NOTE: During this step, the photoresist areas that were not previously exposed (step 4.3) are exposed and can later be dissolved in the developer, leaving behind the desired structures on the wafer. This step is tolerant of overexposure because the desired features (in the negative tone) are no longer photosensitive after the post-baking step.
- Immerse the wafer in a 50 mL bath of the AZ-726 photoresist-developer (in glassware) for 60 s to achieve the desired photoresist pattern on the silicon wafer.
- Subsequently clean the wafer using DI water and further blow-dry it with N2.
- Sputter chromium on the wafer for 200 s to obtain a 50 nm thick chromium layer. The deposition is performed using a magnetron-type DC reactive sputter with a standard 2" round target source in an argon environment with the following parameters: 400 V, current = 1 A, and pressure = 5 mTorr.
NOTE: The chrome layer protects silica from dry etching under octafluorocyclobutane (C4F8).
6. Photoresist lift-off
- Sonicate the sputtered wafer in an acetone bath for 5 min to lift off the remaining photoresist (and chromium deposited on the photoresist) from the wafer, leaving behind the desired features with a chromium hard mask.
7. Processing of the other side of the wafer
- After rinsing the backside of the wafer with a copious amount of acetone and ethanol, blow-dry with an N2 gun, then repeat steps 4.1 and 4.2.
8. Manual back alignment
- Align the desired features on the backside with the front side of the wafer using the alignment marks in the design and the "Manual back alignment with crosshair" module in the contact aligner (EVG 6200).
NOTE: Manual back alignment is a crucial step in the microfabrication protocol. Thus, the designed alignment features on the photomask must be used effectively to avoid offset in pore alignment.
9. Lithography on the backside of the wafer
- For the backside of the wafer, repeat steps 4.3–4.7, section 5, and section 6 to generate the required design with chromium on both sides of the wafer. Note that the part of surface covered with chromium does not undergo etching; thus, spots in which chromium is absent on the wafer define the inlets and outlets of the pore.
- Undergo etching of the exposed SiO2 layer on both sides of the wafer by an inductively coupled plasma (ICP) reactive ion etcher (RIE) that employs fluorine (C4F8) and oxygen (O2) chemistries. The duration is 16 min (ICP-RIE parameters listed in Table 3) for each side.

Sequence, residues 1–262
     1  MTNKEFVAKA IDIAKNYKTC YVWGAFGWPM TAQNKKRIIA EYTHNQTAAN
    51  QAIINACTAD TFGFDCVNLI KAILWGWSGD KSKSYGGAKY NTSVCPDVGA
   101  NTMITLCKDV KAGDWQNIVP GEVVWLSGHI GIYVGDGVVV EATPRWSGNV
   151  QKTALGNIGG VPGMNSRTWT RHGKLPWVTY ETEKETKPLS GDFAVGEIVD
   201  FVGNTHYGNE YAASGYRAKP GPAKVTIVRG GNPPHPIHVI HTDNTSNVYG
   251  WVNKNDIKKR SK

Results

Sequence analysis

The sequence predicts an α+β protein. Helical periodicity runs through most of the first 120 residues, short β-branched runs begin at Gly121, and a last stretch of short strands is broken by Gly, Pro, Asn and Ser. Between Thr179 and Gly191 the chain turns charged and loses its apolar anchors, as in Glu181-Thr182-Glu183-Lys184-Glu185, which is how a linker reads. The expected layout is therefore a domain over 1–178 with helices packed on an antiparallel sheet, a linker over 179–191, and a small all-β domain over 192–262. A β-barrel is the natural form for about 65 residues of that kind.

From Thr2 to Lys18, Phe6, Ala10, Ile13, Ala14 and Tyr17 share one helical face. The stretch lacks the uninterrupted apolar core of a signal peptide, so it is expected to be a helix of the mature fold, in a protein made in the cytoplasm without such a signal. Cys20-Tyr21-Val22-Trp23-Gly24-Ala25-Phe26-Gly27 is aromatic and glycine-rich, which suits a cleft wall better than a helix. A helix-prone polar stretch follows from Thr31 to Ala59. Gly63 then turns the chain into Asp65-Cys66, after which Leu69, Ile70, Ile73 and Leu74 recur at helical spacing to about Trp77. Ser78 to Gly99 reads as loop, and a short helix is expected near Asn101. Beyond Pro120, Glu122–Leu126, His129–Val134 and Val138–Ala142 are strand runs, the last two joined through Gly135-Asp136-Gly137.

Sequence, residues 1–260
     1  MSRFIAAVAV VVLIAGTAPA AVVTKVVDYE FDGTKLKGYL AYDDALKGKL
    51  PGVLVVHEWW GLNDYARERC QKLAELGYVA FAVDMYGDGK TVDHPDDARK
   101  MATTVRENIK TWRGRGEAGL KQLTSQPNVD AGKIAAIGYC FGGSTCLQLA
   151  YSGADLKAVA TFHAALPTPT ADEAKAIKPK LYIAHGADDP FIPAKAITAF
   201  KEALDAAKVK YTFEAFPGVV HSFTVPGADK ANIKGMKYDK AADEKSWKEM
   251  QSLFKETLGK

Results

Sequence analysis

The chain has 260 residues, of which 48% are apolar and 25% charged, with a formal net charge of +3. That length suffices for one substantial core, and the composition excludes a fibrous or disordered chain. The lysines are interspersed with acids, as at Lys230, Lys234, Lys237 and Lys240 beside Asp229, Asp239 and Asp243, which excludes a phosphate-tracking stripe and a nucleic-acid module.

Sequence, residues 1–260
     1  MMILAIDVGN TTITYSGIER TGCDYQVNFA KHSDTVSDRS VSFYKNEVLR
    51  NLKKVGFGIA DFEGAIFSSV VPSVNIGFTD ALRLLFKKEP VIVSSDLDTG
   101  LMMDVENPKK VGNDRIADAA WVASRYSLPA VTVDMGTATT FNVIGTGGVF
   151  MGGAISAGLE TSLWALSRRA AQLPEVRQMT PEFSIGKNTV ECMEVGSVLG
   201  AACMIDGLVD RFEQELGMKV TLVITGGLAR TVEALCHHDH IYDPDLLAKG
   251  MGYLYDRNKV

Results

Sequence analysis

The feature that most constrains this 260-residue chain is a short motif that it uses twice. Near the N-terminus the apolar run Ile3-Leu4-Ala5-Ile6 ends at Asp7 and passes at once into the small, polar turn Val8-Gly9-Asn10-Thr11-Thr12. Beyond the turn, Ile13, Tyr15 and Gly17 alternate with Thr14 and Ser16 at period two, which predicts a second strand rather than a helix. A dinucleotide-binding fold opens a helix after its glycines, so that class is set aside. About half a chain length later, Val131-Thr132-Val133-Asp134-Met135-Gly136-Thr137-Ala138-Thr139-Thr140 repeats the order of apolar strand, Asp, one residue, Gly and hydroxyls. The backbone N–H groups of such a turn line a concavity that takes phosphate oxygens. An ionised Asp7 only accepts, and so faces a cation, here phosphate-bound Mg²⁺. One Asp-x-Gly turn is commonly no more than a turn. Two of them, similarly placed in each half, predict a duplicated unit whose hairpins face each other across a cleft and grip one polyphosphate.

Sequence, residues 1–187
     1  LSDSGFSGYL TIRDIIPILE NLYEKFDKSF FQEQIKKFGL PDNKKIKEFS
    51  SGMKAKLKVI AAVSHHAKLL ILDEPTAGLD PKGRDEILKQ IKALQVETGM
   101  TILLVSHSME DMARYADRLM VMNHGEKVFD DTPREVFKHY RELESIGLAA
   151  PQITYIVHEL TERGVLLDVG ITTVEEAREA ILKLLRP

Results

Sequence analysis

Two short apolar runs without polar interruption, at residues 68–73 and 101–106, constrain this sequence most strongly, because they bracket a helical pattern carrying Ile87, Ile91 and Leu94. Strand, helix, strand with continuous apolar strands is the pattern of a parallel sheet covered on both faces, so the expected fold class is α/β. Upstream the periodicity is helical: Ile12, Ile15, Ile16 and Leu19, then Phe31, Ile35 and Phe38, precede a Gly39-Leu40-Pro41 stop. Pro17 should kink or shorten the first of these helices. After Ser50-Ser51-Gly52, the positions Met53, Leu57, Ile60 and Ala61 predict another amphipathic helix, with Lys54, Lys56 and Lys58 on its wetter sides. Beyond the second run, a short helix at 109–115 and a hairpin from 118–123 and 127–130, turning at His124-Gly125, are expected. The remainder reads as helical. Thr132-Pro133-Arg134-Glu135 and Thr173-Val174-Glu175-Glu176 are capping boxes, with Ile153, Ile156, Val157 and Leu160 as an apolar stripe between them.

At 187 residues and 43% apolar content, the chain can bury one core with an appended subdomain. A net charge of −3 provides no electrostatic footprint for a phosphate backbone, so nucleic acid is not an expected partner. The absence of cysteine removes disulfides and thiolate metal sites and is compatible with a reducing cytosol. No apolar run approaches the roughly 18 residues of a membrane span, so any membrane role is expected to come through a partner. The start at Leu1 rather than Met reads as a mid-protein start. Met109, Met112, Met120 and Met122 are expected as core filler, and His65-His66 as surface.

- Process the wafer with five cycles of anisotropic etching using the Bosch process to create a notch in the silicon layer. This process is characterized by a flat sidewall profile using alternating depositions of C4F8 and sulfur hexafluoride (SF6) gases. By alternating anisotropic etching and polymer deposition, the silicon etches straight down (etching parameters listed in Table 3).
- Immerse the wafer in a bath of piranha solution (H2SO4:H2O2 = 3:1 by volume) maintained at a temperature of 388 K for 10 min. This removes the polymers deposited in the anisotropic step.
- To create the undercut, which yields the reentrant profile, undergo isotropic etch using an SF6-based recipe for a duration of 165 s (etching parameters listed in Table 3).
NOTE: This step is performed on each side of the wafer.
- Anisotropic silicon etching
- Transfer the wafer to deep-ICP-RIE (Oxford instruments) to etch 150 µm of silicon using 200 cycles of deep etching using the Bosch process (etching parameters are listed in Table 3).
- Repeat step 10.4.1 with the backside of the wafer.
- Undergo piranha cleaning of the wafer in the wet bench for 10 min to remove polymeric contaminants deposited from the etching process, which ensures uniform etching rates.
- Repeat steps 10.4.1–10.4.3 to realize through pores (which can be visualized by naked eyes under a light source) in the wafer having reentrant inlets and outlets.
- Immerse the wafer in a 100 ml bath of chrome etchant for 60 s to remove chromium from both sides of the wafer.
|Parameter||Silica Etching||Anisotropic silicon etching /cycle||Isotropic silicon etching|
|RF power (W)||100||5||30||20|
|ICP power (W)||1500||1300||1300||1800|
|Etching pressure (mTorr)||10||30||30||35|
|C4F8 flow (sccm)||40||100||5||-|
|O2 flow (sccm)||5||-||-||-|
|SF6 flow (sccm)||-||5||100||110|
|Etching time (s)||960||5||7||165|
Table 3: Parameters for SiO2/Si dry etching.
11. Final cleaning
- After the microfabrication process, clean the wafer with 100 mL of freshly prepared piranha solution (H2SO4:H2O2 = 3:1 by volume; T = 388 K) in a glass container for 10 min, then further blow-dry with a 99% pure N2 pressure gun.